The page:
The Reagan Eighties is remembered by most as a period of sterile politics and drug addiction, an era that ushered in an emphasis on anonymity and conservatism with Alex P. Keaton and threw away the taint of punk with the rise of commercial interests. It is in this dystopian world where Bret Easton Ellis served as a power play figure, uncovering the notorious drug-addled antics of America’s high-society underbelly.
Ellis, a California native, was born in 1964 to a wealthy family and an emotionally abusive father. After graduating high school, he settled into Vermont’s Bennington College, where he met the future literary Brat Pack and channeled his bleak formative years into writing a novel. The product became the bestseller Less Than Zero (1985), an unflattering portrait of the exploits of soulless West Coast youth. After chronicling similar subject matter with The Rules of Attraction, a shift occurred with the 1991 publication of American Psycho, a chilling thriller-satire about yuppie-gone-psychopath Patrick Bateman that is considered to be the author’s best and most controversial novel. Since then, Ellis has published four other novels, most recently Imperial Bedrooms, the long-awaited sequel to Less Than Zero and an attempt to return to his original form.
Despite lackluster film adaptations and a few literary bombs, the majority of Bret Easton Ellis’ novels are new classics. Clay Easton, the protagonist of Zero, hardly carries an arrogant observer’s bias, as he engages in the same outlandish behavior as his colleagues. Patrick Bateman proves similar, as he constantly clings to his world of antiseptic pop music and business personae despite his growing addiction to murder. It is this element in particular that paradoxically makes Ellis’ characters both flawed and artificial – traits that most real human beings can also simultaneously illustrate. With ethically inept eyes, the characters in his earlier novels showcase a general state of being that seems almost disturbingly commonplace in the context of 1980s America.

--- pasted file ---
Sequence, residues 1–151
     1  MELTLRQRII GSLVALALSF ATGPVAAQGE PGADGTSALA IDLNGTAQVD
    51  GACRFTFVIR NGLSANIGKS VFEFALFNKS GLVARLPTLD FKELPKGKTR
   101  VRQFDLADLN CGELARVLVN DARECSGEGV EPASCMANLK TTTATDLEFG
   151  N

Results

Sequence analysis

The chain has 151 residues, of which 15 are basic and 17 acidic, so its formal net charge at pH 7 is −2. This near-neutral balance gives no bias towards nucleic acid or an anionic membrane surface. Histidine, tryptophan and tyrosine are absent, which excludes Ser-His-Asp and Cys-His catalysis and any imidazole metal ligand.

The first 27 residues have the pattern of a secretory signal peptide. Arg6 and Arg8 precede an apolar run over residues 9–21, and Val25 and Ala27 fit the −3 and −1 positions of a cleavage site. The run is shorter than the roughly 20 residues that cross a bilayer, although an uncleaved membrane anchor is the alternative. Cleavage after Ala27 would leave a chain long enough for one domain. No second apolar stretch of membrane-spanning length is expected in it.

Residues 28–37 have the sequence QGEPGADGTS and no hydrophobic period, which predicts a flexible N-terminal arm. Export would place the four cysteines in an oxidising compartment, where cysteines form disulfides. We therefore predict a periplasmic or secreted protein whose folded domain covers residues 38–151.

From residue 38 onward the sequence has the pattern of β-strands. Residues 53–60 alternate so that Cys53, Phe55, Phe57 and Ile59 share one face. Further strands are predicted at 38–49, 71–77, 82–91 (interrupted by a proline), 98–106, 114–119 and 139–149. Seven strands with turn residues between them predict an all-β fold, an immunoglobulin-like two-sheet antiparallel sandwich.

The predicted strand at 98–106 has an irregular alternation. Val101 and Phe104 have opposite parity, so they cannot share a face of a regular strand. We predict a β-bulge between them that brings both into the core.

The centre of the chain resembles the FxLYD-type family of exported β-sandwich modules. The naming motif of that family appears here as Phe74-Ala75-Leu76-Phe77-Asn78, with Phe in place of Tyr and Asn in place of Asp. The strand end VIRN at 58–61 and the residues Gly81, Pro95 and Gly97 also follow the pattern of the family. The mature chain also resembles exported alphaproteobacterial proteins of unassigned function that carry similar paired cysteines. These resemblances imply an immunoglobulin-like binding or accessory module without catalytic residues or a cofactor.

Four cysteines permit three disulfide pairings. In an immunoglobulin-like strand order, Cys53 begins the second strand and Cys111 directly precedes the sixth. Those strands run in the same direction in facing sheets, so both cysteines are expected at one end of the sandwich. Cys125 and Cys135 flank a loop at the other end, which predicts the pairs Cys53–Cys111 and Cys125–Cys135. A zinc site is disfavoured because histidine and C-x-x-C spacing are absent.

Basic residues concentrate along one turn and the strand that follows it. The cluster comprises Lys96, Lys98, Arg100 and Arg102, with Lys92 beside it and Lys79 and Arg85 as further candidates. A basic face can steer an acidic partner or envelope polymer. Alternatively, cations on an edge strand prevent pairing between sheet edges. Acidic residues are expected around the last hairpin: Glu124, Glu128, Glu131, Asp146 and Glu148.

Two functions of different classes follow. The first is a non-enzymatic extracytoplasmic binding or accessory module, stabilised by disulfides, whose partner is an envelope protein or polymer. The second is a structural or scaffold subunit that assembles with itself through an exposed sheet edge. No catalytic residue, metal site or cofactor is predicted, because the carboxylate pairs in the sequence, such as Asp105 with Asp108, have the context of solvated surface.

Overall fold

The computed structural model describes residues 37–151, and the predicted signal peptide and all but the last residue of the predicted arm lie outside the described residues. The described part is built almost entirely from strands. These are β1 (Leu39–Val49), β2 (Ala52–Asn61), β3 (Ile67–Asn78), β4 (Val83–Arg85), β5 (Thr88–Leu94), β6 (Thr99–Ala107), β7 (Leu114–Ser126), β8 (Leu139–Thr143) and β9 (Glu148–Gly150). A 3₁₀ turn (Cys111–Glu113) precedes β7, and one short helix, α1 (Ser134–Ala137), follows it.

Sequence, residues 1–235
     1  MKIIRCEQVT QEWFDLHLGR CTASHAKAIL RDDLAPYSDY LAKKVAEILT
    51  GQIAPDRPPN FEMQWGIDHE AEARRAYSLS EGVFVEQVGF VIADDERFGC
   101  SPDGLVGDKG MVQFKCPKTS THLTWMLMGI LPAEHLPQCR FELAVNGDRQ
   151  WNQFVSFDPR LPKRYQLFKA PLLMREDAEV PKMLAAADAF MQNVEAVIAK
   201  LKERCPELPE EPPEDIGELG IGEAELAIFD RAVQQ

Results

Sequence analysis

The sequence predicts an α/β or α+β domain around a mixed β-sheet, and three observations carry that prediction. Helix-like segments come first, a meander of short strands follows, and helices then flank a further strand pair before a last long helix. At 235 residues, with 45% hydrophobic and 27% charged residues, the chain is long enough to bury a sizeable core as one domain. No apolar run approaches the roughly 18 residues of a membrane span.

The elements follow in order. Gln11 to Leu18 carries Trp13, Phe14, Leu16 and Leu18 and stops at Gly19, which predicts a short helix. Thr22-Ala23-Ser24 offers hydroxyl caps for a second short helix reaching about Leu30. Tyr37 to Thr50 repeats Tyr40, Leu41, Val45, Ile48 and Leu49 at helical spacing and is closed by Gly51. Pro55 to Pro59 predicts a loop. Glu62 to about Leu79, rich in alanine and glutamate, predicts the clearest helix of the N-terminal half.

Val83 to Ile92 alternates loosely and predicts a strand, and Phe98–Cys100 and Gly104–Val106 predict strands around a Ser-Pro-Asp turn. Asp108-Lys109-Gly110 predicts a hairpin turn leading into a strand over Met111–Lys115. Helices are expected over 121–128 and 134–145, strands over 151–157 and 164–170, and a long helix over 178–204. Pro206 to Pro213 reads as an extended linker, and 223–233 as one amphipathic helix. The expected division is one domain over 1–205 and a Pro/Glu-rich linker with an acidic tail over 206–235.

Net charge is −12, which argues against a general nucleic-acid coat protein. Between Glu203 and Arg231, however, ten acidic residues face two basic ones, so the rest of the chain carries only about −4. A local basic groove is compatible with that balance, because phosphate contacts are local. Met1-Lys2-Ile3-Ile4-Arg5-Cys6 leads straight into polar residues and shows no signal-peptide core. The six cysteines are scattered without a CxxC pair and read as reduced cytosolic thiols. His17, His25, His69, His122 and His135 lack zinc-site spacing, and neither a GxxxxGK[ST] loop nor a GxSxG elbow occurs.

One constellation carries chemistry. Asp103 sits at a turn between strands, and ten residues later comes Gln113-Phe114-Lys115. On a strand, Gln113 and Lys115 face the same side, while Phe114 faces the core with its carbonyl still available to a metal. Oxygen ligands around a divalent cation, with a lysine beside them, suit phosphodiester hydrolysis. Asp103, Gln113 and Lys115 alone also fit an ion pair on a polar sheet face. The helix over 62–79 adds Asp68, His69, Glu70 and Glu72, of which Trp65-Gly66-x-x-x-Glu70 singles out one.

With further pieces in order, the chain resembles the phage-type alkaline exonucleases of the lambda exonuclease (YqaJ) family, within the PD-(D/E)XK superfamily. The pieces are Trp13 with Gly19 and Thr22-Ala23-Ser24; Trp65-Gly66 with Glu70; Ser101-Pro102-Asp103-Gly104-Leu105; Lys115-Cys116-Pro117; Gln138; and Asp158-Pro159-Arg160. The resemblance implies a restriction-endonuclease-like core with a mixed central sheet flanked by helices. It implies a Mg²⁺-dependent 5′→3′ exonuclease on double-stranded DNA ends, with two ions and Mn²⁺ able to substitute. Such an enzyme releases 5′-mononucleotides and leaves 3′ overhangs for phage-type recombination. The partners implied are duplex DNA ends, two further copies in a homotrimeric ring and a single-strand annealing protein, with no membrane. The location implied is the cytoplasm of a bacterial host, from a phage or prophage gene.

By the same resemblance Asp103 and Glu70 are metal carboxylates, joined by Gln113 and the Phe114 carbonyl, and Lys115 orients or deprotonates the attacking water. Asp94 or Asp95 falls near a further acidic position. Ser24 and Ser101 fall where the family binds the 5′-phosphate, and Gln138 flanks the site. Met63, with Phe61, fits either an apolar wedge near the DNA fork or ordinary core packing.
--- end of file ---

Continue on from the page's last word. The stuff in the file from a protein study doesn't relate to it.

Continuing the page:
Of his novels, Ellis has disclosed on several occasions that he wants his characters to be unlikeable. “No one is drawn to writing about being happy or feelings of joy,” he commented in a recent interview with AskMen.com. “Each book comes from a place. A place of pain or confusion, or stress, or other things going on.” For those who have read his work, it’s hard to miss this aspect, as the author’s struggle is documented through a Plath-like vagueness of autobiographical fiction that only adds to the humanity of his characters, who have also reflected the growth Ellis has experienced throughout his life. “Every narrator I write gets older, they age with me.”
With Bret Easton Ellis, the reader is satisfied with the perfect concoction of thriller, drama and complexity, as his characters serve as satirical icons for the societies of then and now. As for his characters being deemed unlikeable or despised, maybe it is merely the perfect illustration of falling through the looking glass.